for January 2014

  • Shoshana Akabas is a senior at the University of Pennsylvania, the editor-in-Chief of the Penn Review, and studies organic chemistry and English (making her one of the few people who can both synthesize organic compounds and spell their names). She spent one of the best summers of her life interning at McSweeney’s.
  • Joshua Bauchner is a writer, editor, and student living in New Jersey. His work has appeared in Bookforum, Cabinet, and Triple Canopy.
  • Alvin Buenaventura occasionally publishes comics and other things through Pigeon Press.
  • Chris Clayton’s nonfictional words have appeared in Outside, Men’s Health, a gaggle of city magazines, and a murder of alt-weeklies. Because he’s from the Twin Cities, he feels obligated to share his favorite Prince song: “The Beautiful Ones.” Purple Rain forever.
  • Lena Dunham is a writer, director, and actor who lives and works in Brooklyn. She directed the feature film Tiny Furniture and created the HBO series Girls. Her first book, Not That Kind of Girl, will be published by Random House in October 2014. Her passions include but are not limited to pop music, wallpaper, list-making, damaged dogs, and her parents’ secrets.
  • Nick Hornby is the author of six novels, the most recent of which is Juliet, Naked, and a memoir, Fever Pitch. He is also the author of Songbook, a finalist for a National Book Critics Circle Award for music criticism, and editor of the short-story collection Speaking with the Angel. His screenplay for An Education was nominated for an Academy Award. He lives in North London.
  • Greil Marcus is the author of Lipstick Traces: A Secret History of the Twentieth Century, Mystery Train: Images of America in Rock ‘n’ Roll Music, and The Shape of Things to Come: Prophecy and the American Voice, and other books. His column, Real Life Rock Top Ten, runs monthly in the Believer.
  • Sarah Marshall grew up in Oregon and recently completed an MFA in writing from Portland State University, where she now teaches. She is at work on a book about women’s roles in media spectacle, from which this piece is excerpted.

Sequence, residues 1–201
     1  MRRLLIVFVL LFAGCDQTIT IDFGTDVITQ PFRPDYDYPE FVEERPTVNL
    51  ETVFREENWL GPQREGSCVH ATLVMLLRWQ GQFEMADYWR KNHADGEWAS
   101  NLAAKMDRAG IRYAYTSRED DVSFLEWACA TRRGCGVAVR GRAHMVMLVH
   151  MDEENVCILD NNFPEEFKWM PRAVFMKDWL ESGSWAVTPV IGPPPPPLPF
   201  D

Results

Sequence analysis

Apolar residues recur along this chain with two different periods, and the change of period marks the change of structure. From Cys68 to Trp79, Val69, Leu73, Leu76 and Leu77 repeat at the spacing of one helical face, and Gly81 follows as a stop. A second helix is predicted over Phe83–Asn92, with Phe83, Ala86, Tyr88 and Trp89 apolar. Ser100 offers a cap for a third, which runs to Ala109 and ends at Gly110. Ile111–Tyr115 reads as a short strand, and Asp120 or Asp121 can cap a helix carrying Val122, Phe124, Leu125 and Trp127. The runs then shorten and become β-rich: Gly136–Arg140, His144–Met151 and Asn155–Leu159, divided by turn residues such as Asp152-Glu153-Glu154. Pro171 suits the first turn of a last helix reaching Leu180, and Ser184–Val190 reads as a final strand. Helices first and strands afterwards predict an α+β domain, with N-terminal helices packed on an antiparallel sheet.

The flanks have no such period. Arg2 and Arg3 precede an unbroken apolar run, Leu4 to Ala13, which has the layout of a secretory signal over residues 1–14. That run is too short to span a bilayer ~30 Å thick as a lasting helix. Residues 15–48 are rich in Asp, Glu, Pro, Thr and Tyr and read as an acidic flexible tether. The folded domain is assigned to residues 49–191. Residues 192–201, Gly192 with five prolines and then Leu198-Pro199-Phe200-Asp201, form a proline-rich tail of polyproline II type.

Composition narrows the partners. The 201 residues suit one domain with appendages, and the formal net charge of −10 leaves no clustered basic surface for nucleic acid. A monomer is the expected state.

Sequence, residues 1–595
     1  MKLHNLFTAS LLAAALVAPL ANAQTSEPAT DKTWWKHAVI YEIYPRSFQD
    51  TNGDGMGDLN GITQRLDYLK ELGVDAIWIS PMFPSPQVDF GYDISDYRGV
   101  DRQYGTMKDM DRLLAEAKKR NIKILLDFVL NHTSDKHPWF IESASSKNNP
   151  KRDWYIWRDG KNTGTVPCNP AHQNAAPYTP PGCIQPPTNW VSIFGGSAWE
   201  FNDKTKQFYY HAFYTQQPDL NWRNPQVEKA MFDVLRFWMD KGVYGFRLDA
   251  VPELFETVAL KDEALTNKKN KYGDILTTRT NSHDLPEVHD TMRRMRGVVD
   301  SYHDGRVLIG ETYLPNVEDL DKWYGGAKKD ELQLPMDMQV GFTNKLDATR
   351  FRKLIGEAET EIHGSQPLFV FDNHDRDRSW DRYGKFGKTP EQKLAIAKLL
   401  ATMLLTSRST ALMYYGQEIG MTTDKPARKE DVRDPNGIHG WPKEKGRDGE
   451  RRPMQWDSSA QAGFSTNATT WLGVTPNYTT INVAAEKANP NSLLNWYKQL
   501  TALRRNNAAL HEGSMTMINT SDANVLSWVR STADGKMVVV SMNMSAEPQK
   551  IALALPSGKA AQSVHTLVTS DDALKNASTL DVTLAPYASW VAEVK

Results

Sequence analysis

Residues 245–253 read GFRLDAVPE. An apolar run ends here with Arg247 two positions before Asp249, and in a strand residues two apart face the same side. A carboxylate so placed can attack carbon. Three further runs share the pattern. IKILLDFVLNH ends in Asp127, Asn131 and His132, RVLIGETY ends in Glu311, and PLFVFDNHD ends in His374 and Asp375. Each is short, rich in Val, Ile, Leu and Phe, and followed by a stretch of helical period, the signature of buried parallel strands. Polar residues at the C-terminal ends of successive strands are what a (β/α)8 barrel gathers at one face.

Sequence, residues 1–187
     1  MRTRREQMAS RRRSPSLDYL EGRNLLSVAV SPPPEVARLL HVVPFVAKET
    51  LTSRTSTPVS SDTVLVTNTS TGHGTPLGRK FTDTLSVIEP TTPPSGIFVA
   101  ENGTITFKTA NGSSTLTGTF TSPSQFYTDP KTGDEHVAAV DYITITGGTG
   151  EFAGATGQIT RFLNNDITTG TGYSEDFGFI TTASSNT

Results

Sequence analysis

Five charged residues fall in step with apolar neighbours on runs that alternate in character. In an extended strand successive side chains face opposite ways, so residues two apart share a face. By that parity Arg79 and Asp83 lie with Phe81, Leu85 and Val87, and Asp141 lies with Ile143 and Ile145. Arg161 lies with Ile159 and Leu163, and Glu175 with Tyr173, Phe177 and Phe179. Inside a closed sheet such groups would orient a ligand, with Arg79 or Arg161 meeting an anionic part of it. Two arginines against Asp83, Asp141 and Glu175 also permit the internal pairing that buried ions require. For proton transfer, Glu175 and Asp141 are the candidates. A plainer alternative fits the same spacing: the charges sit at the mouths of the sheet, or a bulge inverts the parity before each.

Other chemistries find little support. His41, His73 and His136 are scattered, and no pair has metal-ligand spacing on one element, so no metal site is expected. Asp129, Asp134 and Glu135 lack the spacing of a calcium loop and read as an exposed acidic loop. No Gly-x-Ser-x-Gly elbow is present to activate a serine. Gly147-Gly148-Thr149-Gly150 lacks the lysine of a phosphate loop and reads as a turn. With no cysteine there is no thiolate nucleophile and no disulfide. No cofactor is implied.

• Douglas W. Milliken is the author of the book White Horses. He lives and works in Portland, Maine.
  • Allan Peterson’s Fragile Acts (McSweeney’s Poetry Series) was a finalist for both the 2013 National Book Critics Circle Award and the Oregon Book Award. A poet and visual artist, he divides his time between Gulf Breeze, Florida, and Ashland, Oregon.
  • Conan Putnam is a freelance writer based in San Francisco. Her fiction and articles have appeared in the Sewanee Review, the Seattle Review, Other Voices, the Chicago Tribune and the San Francisco Chronicle. She is currently working on a novel.
  • Keir Roper-Caldbeck lives and writes in Glasgow, Scotland.
  • Katie Ryder is a writer and editor living in New York. Some of her most recent work can be found in Black Clock and online with Bookforum.
  • James Santel’s writing has appeared in the Wall Street Journal, the American Scholar, and the Los Angeles Review of Books, and is forthcoming in the Hudson Review. He graduated from the University of Pennsylvania in 2012.
  • Lawrence Weschler’s more than fifteen books—running from political tragedies through cultural comedies—include Seeing Is Forgetting the Name of the Thing One Sees (on artist Robert Irwin); Mr. Wilson’s Cabinet of Wonder (on the Museum of Jurassic Technology); Vermeer in Bosnia; Everything that Rises: A Book of Convergences; and, most recently, Uncanny Valley: Adventures in the Narrative.